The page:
> >> > Friend of mine sent me this, thought I'd see what rsb has to say:
> >> > On Friday night, with the bases loaded and 1 out in the 9th and the
> >> > Cubs down 4-2, Todd Walker hit a grounder to Scott Rolen, which went
> >> > through his legs, allowing two runs to score. The Cubs eventually won
> >> > in 14. Walker was *not* credited with an RBI. I think he should have
> >> > been: you never "assume the double play", and if Rolen had thrown to
> >> > 1st, one run would have scored. The only justification I can think of
> >> > is the assumption that Rolen would have thrown home.
> >> 10.04 (2) Credit a run batted in for the run scored when, before two
> >> are out, an error is made on a play on which a runner from third base
> >> *ordinarily* would score.
> >> The third baseman may have been playing in for a play at the plate.
> >> In view of the rule cited above, the scorer must have felt that a force
> >> at home was probable.
> > I didn't see the play, but I don't know why Rolen would be playing in
> > with a 2-run lead, and a batter who's not a threat to bunt.
> > My guess is that the official scorer screwed up. I used to naively
> > believe that the scorers knew what they were doing, but I've seen too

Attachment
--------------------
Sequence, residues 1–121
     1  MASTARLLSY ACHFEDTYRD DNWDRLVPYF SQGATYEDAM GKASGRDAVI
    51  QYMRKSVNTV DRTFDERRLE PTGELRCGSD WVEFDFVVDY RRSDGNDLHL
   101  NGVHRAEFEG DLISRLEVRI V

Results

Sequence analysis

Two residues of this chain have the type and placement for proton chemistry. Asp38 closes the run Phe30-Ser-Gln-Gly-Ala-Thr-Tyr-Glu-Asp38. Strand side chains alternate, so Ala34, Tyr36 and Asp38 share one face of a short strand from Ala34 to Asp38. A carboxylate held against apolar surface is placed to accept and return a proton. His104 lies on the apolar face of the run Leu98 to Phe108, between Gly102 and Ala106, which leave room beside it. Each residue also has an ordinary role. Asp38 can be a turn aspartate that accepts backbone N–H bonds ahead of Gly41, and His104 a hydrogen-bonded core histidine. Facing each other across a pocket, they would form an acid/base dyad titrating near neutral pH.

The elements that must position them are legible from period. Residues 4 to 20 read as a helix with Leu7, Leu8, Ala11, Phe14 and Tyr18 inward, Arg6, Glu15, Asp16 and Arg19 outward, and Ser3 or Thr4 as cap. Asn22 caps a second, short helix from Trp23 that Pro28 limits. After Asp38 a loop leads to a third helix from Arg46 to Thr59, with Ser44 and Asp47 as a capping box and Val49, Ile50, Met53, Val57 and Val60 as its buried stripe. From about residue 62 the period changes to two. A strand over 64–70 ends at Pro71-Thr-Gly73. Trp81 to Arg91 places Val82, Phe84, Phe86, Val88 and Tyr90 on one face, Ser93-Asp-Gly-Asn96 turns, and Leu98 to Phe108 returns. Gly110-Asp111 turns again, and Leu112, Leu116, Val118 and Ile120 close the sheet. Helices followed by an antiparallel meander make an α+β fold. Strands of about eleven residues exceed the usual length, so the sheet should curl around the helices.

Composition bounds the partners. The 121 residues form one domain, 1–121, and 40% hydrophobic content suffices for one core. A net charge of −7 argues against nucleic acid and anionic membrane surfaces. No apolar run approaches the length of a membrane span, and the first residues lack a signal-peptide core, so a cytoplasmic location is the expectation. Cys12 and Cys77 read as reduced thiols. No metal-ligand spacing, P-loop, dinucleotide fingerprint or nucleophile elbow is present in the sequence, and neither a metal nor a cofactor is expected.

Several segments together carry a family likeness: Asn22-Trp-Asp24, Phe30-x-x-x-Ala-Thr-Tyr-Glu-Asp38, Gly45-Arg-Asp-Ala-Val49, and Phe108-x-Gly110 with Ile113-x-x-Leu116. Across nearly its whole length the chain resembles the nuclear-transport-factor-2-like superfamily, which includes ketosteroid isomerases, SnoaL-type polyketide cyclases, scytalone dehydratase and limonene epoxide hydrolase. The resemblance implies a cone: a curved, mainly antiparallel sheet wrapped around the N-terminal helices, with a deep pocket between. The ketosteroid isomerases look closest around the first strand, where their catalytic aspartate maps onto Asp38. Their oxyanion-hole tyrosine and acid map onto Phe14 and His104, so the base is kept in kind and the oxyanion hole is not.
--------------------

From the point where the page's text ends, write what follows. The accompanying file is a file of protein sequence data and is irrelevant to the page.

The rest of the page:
> > many screwy decisions the last few years.
> In this situation, usually the middle infielders play at double play depth
> and go for the 2nd-to-1st double play whereas the corner infielders play
> shallow going for the home-to-1st double play. Balls hit toward the center
> of the infield are conducive to 2nd-to-1st double plays whereas balls hit
> along the lines are more conducive to home-to-1st double plays. They go for
> the double play with the shortest throws.
If the third baseman is back at his normal position, the throw to
second is about the same length at the throw home when he's playing in.
Plus, right-handed throwers can move the ball around the infield
faster going clockwise than counterclockwise.
Even if there is a slight increase in the likelihood of a double play
when playing in at the corners, it's more than offset, IMO, by the
increased likelihood of a ball getting past one of the corner
> I would not credit Walker with an RBI because the runner on third would not
> have "ordinarily" scored on this play. Rolen was playing shallow for a
> reason ... most likely to force the runner out at the plate.
Corner infielders might ordinarily play in with the bases loaded and
one out, but that's because ordinarily the potential run on third means
something, so, on a slowly-hit ball where they can get only one out,
he's the one they want to get. With a two-run lead in the ninth, that
run means nothing - they need to be concerned with the runners on first
and second, and the guy at the plate. The best way to keep any of
those guys from scoring is to put your fielders where they are most
able to make plays.